To the maximum extent possible consistent with the legal obligations of the Department, DOE will use the consensus of the advisory committee as the basis for the rule the Department proposes for public notice and comment.

E. Negotiating Consensus

As discussed, the negotiated rulemaking process differs fundamentally from the usual process for developing a proposed rule. Negotiation enables interested and affected parties to discuss various approaches to issues rather than asking them only to respond to a proposal developed by the Department. The negotiation process involves a mutual education of the various parties on the practical concerns about the impact of standards. Each advisory committee or working group member participates in resolving the interests and concerns of other members, rather than leaving it up to DOE to evaluate and incorporate different points of view.

A key principle of negotiated rulemaking is that agreement is by consensus of all the interests. Thus, no one interest or group of interests is able to control the process. The NRA defines consensus as the unanimous concurrence among interests represented on a negotiated rulemaking committee or working group, unless the advisory committee or its working group itself unanimously agrees to use a different definition. 5 U.S.C. 562. In Start Printed Page 15516addition, experience has demonstrated that using a trained mediator to facilitate this process will assist all parties, including DOE, in identifying their real interests in the rule, and thus will enable parties to focus on and resolve the important issues.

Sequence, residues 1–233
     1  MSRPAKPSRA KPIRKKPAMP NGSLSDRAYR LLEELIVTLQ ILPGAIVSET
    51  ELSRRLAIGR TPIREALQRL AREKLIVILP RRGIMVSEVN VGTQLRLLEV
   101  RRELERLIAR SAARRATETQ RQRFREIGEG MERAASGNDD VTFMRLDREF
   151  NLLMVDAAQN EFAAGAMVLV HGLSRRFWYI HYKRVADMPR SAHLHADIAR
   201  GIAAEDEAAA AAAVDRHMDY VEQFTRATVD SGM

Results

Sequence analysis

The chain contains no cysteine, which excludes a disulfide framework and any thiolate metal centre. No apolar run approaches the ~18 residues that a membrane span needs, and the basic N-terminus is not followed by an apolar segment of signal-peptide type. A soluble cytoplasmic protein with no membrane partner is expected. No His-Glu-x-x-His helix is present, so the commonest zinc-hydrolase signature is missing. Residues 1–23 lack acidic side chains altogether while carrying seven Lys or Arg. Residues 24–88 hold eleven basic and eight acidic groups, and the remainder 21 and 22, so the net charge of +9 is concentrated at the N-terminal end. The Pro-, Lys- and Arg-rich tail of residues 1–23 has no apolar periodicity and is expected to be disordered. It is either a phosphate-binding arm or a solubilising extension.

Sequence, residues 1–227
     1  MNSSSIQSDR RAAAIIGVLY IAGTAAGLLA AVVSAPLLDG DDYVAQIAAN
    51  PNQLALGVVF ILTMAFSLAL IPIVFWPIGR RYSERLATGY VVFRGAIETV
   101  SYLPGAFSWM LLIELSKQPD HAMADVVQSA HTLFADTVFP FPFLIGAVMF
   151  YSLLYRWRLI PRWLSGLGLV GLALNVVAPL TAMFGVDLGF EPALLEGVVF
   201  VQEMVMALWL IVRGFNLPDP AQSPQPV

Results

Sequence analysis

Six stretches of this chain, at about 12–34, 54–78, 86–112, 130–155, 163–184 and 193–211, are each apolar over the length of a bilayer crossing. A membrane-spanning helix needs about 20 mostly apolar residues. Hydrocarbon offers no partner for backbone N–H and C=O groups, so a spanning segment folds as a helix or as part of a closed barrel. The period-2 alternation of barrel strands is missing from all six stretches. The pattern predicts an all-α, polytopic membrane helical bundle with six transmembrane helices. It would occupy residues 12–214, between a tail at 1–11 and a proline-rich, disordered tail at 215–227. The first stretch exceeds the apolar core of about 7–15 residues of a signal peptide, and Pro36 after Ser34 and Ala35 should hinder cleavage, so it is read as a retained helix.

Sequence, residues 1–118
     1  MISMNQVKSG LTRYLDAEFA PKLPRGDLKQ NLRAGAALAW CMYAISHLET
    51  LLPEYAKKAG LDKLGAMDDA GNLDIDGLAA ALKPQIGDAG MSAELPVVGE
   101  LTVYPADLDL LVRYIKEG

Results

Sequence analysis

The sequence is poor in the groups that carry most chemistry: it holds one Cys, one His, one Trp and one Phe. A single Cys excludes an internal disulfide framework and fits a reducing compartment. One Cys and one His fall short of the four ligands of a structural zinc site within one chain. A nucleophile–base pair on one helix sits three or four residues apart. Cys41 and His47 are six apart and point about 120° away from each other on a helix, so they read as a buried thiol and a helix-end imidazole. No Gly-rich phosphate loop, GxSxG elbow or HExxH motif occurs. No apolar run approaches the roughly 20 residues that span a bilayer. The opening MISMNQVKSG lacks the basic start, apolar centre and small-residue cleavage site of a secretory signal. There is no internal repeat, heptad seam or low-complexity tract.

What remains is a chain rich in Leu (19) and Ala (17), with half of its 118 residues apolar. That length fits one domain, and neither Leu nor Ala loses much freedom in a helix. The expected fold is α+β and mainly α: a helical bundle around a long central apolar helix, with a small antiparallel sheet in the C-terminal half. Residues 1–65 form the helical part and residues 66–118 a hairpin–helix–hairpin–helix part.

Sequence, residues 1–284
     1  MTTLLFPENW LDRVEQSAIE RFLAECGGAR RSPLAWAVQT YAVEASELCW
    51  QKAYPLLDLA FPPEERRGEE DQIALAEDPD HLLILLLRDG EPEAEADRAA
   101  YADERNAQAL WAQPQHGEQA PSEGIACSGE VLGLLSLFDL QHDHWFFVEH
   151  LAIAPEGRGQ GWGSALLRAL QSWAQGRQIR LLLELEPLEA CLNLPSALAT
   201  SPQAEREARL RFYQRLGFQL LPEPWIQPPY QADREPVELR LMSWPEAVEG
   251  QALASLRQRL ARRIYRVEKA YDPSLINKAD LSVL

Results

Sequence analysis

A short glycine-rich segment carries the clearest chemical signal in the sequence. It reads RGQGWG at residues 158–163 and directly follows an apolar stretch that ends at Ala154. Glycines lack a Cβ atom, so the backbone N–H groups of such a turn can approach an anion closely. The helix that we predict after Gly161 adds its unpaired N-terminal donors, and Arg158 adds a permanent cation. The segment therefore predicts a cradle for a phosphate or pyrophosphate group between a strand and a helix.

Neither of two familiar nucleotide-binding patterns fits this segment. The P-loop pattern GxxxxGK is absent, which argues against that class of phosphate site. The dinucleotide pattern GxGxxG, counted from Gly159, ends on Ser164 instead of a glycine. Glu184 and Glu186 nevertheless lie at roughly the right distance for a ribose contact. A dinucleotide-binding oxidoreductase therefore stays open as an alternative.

III. Proposed Negotiating Procedures

A. Key Issues for Negotiation

The following issues and concerns will underlie the work of the Negotiated Rulemaking Committee on Variable Refrigerant Flow Multi-Split Systems Energy Conservation Standards:

  • Test procedures for VRF multi-split systems; and
  • Energy Conservation Standards for VRF multi-split systems.

To examine the underlying issues outlined above, and others not yet articulated, all parties in the negotiation will need DOE to provide data and an analytic framework complete and accurate enough to support their deliberations. DOE`s analyses must be adequate to inform a prospective negotiation. Prior to the commencement of the working group, DOE expects to publish a notice of data availability (NODA) which discusses the results of DOE's analysis of the energy savings potential of amended energy conservation standards for VRF multi-split systems. DOE also expects to publish a technical support document and analytical tools along with the NODA. Working Groups members should review the associated materials before each meeting.

B. Formation of Working Group